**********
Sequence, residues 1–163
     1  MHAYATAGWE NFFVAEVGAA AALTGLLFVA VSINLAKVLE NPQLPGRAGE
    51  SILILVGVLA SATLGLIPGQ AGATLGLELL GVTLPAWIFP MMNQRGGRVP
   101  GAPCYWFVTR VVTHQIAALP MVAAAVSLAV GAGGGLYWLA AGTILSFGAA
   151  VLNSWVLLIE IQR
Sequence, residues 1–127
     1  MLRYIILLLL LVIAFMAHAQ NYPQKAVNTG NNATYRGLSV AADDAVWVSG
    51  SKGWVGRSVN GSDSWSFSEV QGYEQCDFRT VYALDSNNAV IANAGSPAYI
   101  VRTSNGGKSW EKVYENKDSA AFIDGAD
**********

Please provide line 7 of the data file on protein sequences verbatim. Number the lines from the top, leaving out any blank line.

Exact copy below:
     1  MLRYIILLLL LVIAFMAHAQ NYPQKAVNTG NNATYRGLSV AADDAVWVSG